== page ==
Georgian President Accuses Russia Of Violations
RENEE MONTAGNE, host:
This is MORNING EDITION from NPR News. I'm Renee Montagne.
STEVE INSKEEP, host:
And I'm Steve Inskeep.
The warring sides in Georgia have agreed to stop. Russia and Georgia agreed to what's described as a provisional cease-fire. It comes after fighting that killed hundreds, displaced tens of thousands, and forced the world's attention to a volatile region.
The many people talking about this include Republican presidential candidate John McCain. We will interview McCain after we get an update from Georgia's capital. NPR's Ivan Watson is there. And Ivan, what does this cease-fire agreement say?
IVAN WATSON: Well, it's calling for a temporary secession of hostilities, but I just spoke with Georgian officials who are really questioning whether it is truly a ceasefire because I've just returned from a press conference with the Georgian president, Mikhail Saakashvili. He said there was no Russian bombardment overnight last night but he has made fresh, disturbing allegations of Russian activities against ethnic Georgians in the breakaway region of South Ossetia. Let's listen to what he just said at this press conference.
President MIKHAIL SAAKASHVILI (Georgia): Camps were set; women and men were separated from each other; internment camps were set up, set, and we are getting reports of large-scale violations of human rights.
WATSON: The Georgians are claiming, Steve, that Russian irregular militia forces are moving through Georgian villages, looting and executing people in and around South Ossetia. The Georgian government also claims that Russian troops destroyed yesterday Georgian military boats in the Black Sea port of Poti. And finally, Georgian officials have just claimed that dozens of Russian tanks just rolled through the town of Gori, which is just 50 miles west of here, the Georgian capital, Steve.
INSKEEP: So Ivan Watson, you have these claims both that this fighting is even grimmer than it seems and perhaps that it's not over. What kinds of reports are you hearing from elsewhere in Georgia?
WATSON: Steve, I just got off the phone with a resident in the town of Gori. She said she was standing two yards away from a Russian tank in the center of the town, that there were 10 to 15 of these Russian tanks rolling through that town as we speak. I also spoke to a resident in the Black Sea port of Poti. She says that Russian armored vehicles were operating in that town Monday and Tuesday but have since withdrawn.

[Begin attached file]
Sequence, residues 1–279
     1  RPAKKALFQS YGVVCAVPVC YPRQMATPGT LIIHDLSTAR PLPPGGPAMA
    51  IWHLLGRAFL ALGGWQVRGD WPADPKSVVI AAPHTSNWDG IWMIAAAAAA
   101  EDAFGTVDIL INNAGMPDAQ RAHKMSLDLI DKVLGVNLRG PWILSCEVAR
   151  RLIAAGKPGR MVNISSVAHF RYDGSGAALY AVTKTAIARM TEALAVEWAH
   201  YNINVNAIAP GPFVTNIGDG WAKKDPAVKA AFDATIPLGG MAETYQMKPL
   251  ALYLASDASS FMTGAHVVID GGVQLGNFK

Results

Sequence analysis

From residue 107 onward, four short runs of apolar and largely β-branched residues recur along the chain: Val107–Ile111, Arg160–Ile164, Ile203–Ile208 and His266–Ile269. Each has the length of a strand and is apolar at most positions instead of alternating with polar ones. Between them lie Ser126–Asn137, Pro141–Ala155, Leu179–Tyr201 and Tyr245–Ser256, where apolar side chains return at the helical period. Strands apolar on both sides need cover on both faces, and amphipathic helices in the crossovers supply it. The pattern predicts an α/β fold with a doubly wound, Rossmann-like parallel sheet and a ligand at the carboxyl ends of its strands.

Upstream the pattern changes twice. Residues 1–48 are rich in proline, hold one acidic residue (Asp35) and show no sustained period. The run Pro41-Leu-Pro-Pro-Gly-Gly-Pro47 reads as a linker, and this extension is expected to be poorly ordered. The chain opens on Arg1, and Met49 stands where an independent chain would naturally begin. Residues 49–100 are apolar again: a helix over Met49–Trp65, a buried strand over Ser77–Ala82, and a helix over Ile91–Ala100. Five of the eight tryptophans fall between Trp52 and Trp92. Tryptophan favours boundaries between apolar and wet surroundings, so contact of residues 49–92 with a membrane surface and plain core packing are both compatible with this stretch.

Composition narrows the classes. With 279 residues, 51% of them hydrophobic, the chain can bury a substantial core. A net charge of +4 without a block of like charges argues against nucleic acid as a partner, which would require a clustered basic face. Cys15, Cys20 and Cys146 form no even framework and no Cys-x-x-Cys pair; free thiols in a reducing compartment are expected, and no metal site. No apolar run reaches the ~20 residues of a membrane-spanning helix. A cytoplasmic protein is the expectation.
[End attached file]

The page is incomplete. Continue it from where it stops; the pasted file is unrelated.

And the Russians have also occupied, according to eyewitness reports, at least two other Georgian towns in the west - west of the country. So the situation is pretty grim for this country, Steve. The Georgian army has been smashed as of Monday - it's nowhere to be seen - and the government is not in control of many of its bigger towns west of the capital.
And we also have tens of thousands of people displaced, both from South Ossetia and from Georgian territory, and they are terrified of both the advancing Russian troops and even more so of rumors of these irregular Russian-backed forces operating in the area, militia-type people who are said to be looting and marauding. I unfortunately cannot confirm those reports right now.
INSKEEP: Ivan, very briefly, is Georgia getting any international support in this situation?
WATSON: The presidents of five ex-Soviet bloc countries appeared on stage with the Georgian president yesterday, Steve. They are showing solidarity with Georgia against Russia. They are clearly worried that if the Russians move on Georgia that they could be next, and they are saying as much in statements with the Georgian president.
So Georgia is getting support but I think these new reports are destroying some of the euphoria that was being felt at a concert yesterday in Tbilisi in the town square with these five presidents standing alongside the Georgian president, showing defiance against Moscow.
INSKEEP: Okay. Thanks very much. That's NPR's Ivan Watson in Georgia's capital. Transcript provided by NPR, Copyright NPR.
NPR transcripts are created on a rush deadline by an NPR contractor. This text may not be in its final form and may be updated or revised in the future. Accuracy and availability may vary. The authoritative record of NPR’s programming is the audio record.